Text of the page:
Hearst says it has better data than Facebook does for using ads to get people to buy things. The company wants to start thinking more like Amazon.
Hearst Magazines is taking the duopoly head on.
In fact, the venerable media company, which publishes magazines like Cosmopolitan and Elle, says it not only has more powerful advertising data than Facebook in some cases but can also be mentioned in the same breath as the ongoing obsession for everyone in media and advertising: Amazon.
Specifically, Hearst says it has amassed unique profiles on 120 million digital consumers over the past year. And it's touting this pool of data, which the company says is rich with information on how people shop, along with a slew of new shopping-oriented ad products, in meetings planned with numerous agencies and marketers over the next few weeks, the company told Business Insider.
The message is simple: We are uniquely positioned to help marketers sell products.
Spearheading the effort is Troy Young, the global president of Hearst Magazines Digital Media, along with Adam Harris, the vice president of data products at Hearst Digital Media, who joined the company from Mashable in May.
"This is the Amazonification of media," Young said.
Harris, who has logged stints at ad-tech firms like Collective and PointRoll, said that while Facebook excelled at targeting people using basic demographic information like age and gender, "we know more about people's shopping habits than Facebook."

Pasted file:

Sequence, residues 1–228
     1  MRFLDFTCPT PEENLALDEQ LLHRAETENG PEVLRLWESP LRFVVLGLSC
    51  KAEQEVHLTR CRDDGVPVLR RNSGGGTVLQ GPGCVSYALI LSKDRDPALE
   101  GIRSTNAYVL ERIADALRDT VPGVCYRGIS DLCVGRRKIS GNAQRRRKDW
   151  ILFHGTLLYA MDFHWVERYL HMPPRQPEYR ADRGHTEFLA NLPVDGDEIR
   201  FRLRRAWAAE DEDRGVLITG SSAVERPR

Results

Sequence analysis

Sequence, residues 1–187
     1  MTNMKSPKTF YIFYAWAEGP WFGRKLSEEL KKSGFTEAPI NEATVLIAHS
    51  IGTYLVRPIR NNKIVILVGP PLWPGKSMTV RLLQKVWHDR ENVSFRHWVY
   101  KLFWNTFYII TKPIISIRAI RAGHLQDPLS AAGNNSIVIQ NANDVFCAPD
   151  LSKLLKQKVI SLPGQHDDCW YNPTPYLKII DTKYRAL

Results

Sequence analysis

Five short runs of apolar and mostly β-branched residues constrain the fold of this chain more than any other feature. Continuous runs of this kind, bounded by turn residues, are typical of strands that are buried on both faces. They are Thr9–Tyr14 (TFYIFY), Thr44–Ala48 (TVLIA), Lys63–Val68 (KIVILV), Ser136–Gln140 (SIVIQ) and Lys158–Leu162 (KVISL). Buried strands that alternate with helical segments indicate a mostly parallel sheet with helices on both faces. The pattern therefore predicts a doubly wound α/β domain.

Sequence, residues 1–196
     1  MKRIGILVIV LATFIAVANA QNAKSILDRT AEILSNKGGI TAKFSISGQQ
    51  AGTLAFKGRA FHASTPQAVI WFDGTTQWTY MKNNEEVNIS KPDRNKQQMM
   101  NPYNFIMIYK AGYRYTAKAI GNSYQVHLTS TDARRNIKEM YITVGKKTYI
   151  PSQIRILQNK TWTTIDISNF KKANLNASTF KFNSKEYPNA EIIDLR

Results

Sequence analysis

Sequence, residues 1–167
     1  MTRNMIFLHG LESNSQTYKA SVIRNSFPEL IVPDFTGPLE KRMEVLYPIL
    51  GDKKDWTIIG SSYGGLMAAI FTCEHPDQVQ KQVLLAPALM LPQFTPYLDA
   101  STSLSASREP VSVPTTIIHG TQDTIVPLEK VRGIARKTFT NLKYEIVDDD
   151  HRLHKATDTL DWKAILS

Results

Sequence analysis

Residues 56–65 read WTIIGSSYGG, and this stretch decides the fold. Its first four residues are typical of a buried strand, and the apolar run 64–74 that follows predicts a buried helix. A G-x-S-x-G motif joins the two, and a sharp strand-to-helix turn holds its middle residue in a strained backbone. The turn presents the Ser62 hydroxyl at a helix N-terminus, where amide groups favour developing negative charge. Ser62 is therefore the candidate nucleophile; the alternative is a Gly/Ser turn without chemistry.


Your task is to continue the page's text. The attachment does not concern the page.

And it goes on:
That's bold talk for a company thought of by some as a print dinosaur, given Facebook and Google's dominance — the two companies by some estimates devour upward of 75% of every new dollar spent on digital advertising.
In fact, it's the data aspect of this claim that might get you laughed out of some conference rooms on Madison Avenue, as those two tech giants are seen as winning again and again because they have more data on real people than anybody else — and as a result are the best in the business at helping marketers get people to make purchases.
But Young argues that magazines like Redbook, Good Housekeeping, and Esquire have long been in the business of telling people what to buy. And more recently, rather than shying away from that fact in its sales strategy for fear of casting doubt on its editorial integrity, Hearst is embracing it.
A few years ago Hearst even introduced a standalone commerce-oriented site called Best Products. Now it's encouraging editors to grade themselves on how many products they sell.
"There's a misperception that journalists don't like feedback," Young said. He said when the company started talking about producing content for paying advertisers a few years ago, his public-relations team would warn him never to suggest that editors worked on content for marketers.
Now things have changed, he said, as the company hires more versatile digital-content producers. "They all want to know how much stuff their work is selling," he said.
OK, but surely magazine brands don't have the kind of data to prove the efficacy of this content and advertising the same way Facebook and Google can, right?
Well, not in the same way that people build profiles using their real names, Harris acknowledged. But Hearst's magazines do have a solid number of email addresses from various subscription lists as well as billing info from print subscribers and a growing number of anonymous mobile-device identifiers, he said.